[Narrative welcoming participants, describing reasons for discussion, and setting up the general ground rules for the session]
1. 60-90 minutes (tape recorded -- observer and note taker)
2. Speak clearly/one at a time
3. Conversation/all participate
4. No right/wrong answers
5. Assurance of anonymity and confidentiality
Can we talk about when your child gets a cough (ARI)? In your own experience, how do doctors find out what is wrong with the child at these times?
Probe: Do they depend mostly on symptoms or lab tests? What are some of the tests for? What are the common reasons for cough?
3. Treatment of Cough
Let us talk now about the treatment of cough at the health centers. Can you tell me the common drugs that are prescribed for cough at the health centers?
4. Patient Expectation
I would like to know more about how you feel about the treatment your child receives for cough. Do you usually come to the health centers with any expectations about the treatment you will receive?
Probe: Do you prefer certain kinds of treatment? What do you do if your expectations are not met? Do you try to convince doctors to give you the treatment you prefer?
5. Attitude towards Antibiotics
Can you tell me something about how you feel about antibiotics as a treatment for cough?
Probe: Do you know the names of specific antibiotics that you think are good? Do you prefer pills or injections? Do they use other remedies/drugs for treating cough? What are some of these? Why do you use these remedies/drugs?
4.25. STEP 5: Train Field Team and Conduct Pilot Test
The field team's ability to perform well depends on their previous experience, and on how they are trained for a particular study. Training is a very important part in ensuring the success of the study.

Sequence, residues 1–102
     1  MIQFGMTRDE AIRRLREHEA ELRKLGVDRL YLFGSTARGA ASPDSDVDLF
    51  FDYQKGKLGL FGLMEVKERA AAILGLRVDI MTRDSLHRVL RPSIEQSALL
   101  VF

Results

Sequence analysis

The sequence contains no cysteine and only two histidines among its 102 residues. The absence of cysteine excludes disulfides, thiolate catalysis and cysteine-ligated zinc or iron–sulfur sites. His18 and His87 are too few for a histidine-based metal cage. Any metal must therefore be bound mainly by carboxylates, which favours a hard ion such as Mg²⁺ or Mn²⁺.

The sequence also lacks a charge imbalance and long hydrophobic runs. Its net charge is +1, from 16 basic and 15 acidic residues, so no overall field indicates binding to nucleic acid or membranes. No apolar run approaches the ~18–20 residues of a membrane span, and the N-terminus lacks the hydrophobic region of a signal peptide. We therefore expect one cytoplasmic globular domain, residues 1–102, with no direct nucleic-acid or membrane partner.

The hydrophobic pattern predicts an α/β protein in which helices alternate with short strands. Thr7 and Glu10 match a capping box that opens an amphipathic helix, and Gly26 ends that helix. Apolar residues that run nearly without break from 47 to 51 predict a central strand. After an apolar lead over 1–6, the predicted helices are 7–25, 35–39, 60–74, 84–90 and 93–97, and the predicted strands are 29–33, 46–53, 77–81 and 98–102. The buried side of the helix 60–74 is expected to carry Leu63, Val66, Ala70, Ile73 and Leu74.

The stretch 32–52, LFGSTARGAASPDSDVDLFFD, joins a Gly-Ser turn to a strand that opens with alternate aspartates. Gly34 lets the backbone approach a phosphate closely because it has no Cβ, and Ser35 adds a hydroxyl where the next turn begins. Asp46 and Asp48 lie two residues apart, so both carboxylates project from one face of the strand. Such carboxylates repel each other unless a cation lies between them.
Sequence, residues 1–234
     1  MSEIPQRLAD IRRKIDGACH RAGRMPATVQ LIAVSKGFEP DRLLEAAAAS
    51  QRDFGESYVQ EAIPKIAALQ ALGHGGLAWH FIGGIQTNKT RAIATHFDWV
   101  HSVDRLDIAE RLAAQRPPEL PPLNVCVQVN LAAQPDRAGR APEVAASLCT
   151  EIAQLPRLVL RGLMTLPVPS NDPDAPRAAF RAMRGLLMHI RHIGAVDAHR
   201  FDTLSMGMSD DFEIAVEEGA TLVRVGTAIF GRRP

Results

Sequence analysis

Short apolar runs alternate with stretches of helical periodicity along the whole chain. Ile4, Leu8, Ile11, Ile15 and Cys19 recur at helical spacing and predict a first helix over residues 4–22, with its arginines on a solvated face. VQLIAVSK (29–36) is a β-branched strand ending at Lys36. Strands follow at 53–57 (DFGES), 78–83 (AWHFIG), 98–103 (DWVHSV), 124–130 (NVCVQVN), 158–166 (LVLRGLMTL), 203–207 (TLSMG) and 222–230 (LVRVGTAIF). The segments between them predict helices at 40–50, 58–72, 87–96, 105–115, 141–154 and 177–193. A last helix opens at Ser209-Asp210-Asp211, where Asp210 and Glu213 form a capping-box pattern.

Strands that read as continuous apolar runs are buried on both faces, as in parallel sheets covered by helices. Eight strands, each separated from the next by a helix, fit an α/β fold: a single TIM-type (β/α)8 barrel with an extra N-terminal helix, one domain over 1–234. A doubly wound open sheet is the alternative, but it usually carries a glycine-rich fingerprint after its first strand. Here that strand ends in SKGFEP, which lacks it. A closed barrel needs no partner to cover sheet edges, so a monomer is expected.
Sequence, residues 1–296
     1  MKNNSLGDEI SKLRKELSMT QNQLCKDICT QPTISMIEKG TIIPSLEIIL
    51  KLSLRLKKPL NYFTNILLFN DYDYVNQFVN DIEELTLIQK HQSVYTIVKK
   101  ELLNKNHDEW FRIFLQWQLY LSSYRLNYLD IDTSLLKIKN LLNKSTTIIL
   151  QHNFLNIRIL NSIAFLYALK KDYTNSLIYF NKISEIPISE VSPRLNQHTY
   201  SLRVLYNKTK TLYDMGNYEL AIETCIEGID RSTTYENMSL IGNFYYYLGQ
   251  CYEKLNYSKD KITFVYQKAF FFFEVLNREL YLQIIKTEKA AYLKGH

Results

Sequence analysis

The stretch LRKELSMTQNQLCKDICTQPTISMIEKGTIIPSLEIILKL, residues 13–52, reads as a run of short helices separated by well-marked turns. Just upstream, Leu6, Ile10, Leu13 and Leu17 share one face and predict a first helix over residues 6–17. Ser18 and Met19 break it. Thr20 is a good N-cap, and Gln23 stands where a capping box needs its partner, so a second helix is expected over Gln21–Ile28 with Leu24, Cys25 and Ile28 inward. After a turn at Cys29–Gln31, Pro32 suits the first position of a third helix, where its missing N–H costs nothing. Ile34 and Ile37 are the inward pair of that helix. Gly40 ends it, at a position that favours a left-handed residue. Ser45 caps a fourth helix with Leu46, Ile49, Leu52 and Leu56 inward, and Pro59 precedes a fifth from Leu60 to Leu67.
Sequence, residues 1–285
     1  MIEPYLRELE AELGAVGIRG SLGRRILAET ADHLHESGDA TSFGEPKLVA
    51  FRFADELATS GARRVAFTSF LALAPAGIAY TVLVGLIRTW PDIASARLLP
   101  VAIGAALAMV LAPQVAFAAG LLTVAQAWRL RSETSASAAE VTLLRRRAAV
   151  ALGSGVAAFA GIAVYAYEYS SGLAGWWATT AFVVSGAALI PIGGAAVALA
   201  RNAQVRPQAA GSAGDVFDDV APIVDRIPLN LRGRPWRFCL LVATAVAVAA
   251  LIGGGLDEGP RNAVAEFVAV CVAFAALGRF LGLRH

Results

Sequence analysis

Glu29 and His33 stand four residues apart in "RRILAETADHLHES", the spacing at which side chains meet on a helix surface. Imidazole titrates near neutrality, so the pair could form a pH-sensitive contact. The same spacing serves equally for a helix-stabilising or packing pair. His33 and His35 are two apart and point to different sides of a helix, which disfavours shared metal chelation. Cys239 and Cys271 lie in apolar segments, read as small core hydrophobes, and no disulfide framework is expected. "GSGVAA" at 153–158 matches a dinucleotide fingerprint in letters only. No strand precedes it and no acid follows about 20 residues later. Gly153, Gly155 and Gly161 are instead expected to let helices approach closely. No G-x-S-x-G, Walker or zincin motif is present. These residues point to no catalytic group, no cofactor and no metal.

a. Training Hints
Before you begin the training, you need to make sufficient preparations to ensure that all aspects are covered and everything proceeds smoothly. The following are useful hints to assist in the training.
! Choose a comfortable location for the training.
! Keep all training sessions as simple as possible.
! Use simple language: complex language may make the tasks and concepts difficult to understand.
! Allow regular practice through role plays in order for team members to gain confidence in their abilities.
! Allow sufficient time for field practice or rehearsals.
b. Training Package
1 Theory Sessions
Depending upon previous experience of the field team with focus groups, the training package should involve several or all of the following theory sessions:
! Introduction to Focus Groups
! What are focus groups?
! How helpful are focus groups in drug use studies?
! What information will we be collecting?
! What specific drug use problem(s) are we investigating?
! What are the objectives and rationale for the study?
! Preparing for the Individual FGDs
! Becoming familiar with the FGD guide
! Reason for role plays
! Conducting the FGD
! Roles of the field team members
! Activities before the session: pre-arrangements and visits; checklist for FGD
! Activities during the session: reception/refreshment; opening the meeting/introduction; conducting and recording the session/group dynamic tips; closing.
! Activities after the session: field debriefing; office debriefing; transcribing and expanding field notes.
! Analysis and report writing of FGD results:
! Data analysis: Individual session reports; combined analysis.
! Report writing
2. Practice Sessions
Role playing involves a mock discussion in which members of the field team assume roles as moderator, observer and participants as a way of practicing the technique. While the session is going on, other members of the field team observe and give their objective feedback after the role play. More than one trial should be held with field team members while changing roles each time.
Pilot testing is essential because it provides: